Cyberphobia makes for a gloomy read. While highlighting the problem, it offers few solutions for the average computer user. All remain vulnerable even if they follow the recommended security measures the author presents. The problem I have with the book has to do with its length. Lucas often repeats points he’s already made. It probably would have been more effective to condense it to a long essay instead.

Nonetheless, the topic is indeed a timely one. Even if the average user has not been hacked, they probably know someone who has been. Since knowledge is indeed a strength, Cyberphobia does a good job of informing us of the problem we are facing. Now we need to take steps to reinvent the system to ensure it is a product all of us can safely use.

If On A Winter’s Night A Traveler / Italo Calvino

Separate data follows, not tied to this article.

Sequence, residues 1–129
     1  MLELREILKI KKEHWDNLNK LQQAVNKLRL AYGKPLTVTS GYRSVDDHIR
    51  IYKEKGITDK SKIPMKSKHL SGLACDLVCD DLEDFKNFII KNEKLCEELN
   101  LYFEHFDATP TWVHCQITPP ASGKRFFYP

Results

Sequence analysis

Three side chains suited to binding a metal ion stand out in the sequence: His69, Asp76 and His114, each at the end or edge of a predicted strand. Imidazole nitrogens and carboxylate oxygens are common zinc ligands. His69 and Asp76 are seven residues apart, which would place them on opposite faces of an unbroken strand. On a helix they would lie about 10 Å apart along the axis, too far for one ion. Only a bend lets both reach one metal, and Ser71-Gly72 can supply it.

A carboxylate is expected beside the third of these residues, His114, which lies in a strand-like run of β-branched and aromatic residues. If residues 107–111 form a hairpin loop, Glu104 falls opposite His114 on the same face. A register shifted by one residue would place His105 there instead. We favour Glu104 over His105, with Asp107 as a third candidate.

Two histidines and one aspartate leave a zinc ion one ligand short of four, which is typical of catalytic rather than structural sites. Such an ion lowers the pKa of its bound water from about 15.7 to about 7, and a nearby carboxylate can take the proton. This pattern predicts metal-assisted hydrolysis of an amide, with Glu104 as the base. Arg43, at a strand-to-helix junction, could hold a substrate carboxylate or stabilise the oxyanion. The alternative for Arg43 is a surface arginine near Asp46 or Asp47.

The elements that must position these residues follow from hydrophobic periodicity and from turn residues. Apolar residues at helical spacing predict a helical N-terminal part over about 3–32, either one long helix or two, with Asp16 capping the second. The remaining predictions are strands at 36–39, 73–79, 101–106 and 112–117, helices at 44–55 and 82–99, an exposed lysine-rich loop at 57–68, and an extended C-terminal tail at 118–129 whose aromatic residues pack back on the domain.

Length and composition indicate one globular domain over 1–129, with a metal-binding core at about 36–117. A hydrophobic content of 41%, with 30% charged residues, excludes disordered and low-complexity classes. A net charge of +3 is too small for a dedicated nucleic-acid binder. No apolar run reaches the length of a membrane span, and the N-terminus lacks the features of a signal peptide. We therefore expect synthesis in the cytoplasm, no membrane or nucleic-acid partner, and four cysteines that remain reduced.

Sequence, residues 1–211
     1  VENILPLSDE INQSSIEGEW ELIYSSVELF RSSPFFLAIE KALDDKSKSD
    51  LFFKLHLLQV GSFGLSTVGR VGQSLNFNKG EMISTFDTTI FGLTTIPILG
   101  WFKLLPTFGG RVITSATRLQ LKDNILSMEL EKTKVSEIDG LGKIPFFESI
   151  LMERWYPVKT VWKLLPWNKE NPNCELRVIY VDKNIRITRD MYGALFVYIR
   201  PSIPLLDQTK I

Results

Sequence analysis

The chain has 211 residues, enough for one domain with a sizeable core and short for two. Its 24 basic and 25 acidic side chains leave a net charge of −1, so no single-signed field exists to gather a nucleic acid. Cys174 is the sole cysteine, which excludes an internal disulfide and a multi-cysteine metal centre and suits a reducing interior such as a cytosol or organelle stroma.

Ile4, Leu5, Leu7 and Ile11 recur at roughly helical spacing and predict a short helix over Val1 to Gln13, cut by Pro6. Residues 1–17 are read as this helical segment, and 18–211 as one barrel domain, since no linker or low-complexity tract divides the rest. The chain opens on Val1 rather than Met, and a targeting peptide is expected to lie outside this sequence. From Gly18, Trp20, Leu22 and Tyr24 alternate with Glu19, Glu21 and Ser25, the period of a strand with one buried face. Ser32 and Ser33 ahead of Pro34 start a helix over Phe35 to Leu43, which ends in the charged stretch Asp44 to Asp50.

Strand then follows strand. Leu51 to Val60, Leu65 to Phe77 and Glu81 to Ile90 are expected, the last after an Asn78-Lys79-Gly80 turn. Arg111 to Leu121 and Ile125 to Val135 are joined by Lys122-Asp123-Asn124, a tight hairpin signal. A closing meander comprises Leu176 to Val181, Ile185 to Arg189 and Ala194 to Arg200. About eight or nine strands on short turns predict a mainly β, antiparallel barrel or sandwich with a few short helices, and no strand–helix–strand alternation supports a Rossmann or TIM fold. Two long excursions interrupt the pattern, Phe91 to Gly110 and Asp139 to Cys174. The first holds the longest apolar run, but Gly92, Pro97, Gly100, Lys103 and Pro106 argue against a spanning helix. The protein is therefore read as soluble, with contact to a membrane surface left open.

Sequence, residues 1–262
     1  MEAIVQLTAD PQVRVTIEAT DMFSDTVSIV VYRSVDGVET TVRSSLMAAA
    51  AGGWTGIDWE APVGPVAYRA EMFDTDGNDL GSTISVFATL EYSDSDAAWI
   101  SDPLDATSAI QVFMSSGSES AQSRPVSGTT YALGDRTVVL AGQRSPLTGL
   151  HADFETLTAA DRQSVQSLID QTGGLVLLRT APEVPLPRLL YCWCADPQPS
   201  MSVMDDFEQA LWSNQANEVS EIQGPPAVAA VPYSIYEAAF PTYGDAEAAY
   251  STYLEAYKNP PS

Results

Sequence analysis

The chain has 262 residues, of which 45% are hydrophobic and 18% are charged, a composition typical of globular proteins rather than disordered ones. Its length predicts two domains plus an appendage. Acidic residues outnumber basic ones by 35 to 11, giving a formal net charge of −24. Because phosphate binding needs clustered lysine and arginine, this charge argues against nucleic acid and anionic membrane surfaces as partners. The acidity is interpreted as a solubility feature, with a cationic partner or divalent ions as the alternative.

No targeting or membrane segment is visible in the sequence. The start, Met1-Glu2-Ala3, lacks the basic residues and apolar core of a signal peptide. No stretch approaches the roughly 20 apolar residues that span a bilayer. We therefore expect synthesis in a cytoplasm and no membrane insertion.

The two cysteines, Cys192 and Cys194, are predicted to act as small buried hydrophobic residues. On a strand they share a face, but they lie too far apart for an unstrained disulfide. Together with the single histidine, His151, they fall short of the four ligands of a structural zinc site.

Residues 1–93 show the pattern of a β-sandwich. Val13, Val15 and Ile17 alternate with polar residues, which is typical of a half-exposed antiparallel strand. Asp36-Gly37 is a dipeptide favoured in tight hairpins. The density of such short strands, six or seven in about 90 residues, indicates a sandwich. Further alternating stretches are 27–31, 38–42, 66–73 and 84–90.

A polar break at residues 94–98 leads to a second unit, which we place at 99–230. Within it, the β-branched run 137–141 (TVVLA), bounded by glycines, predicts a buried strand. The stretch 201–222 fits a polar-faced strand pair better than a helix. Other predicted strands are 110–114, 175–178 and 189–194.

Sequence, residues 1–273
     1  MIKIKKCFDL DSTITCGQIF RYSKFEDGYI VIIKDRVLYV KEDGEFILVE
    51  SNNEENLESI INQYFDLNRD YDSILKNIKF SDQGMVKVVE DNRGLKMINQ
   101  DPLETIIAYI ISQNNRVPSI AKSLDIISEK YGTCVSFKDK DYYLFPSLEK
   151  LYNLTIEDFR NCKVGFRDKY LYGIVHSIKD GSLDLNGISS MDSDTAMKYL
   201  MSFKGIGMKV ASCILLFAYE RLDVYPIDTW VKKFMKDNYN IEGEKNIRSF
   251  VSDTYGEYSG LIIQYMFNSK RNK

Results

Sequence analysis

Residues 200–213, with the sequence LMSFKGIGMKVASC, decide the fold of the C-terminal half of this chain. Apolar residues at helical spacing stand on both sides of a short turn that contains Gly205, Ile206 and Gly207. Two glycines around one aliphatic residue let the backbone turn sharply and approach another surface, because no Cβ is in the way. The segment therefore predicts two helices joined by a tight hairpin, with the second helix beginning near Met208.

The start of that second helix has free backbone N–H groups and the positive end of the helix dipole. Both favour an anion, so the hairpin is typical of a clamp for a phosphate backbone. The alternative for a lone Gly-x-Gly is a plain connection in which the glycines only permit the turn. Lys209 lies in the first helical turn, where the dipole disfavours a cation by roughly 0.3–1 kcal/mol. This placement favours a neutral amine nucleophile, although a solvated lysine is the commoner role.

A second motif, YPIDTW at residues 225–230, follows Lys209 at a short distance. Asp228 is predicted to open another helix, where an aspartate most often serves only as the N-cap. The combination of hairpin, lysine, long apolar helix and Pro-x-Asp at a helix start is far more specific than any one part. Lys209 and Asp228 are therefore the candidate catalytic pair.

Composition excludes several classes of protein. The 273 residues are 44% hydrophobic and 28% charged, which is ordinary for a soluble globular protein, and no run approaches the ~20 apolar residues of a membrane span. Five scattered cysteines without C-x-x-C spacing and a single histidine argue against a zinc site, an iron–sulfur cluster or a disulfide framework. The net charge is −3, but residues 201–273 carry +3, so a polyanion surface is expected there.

Italo Calvino has a long string of books to his credit. This novel was my first introduction to his work. Cuban born and raised in Italy, Calvino died in 1985 at the age of sixty-one. During his lifetime, he gained international fame as a gifted storyteller.  If On A Winter’s Night A Traveler is considered my many to be his greatest achievement. And for me, it certainly lived up to the hype.

While some might consider it a bizarre novel, and overly clever, I found it to be an engaging read from the first page to the last. What makes it unique is the ingenious format. Within the novel, Calvino weaves ten pastiches. The story features two main characters, The Reader and the Other Reader. When The Reader begins a new novel by Calvino (If On A Winter’s Night A Traveler), he discovers his copy is corrupted. Returning it, he finds the book is actually by another author and is given a replacement copy. But this book proves to be an entirely different novel. And so his chase is on to solve the mystery of this printing error. In the end, The Reader is lead to ten different novels, each of which is taken from him prematurely, just when the story has begun to captive The Reader (and this reader, too).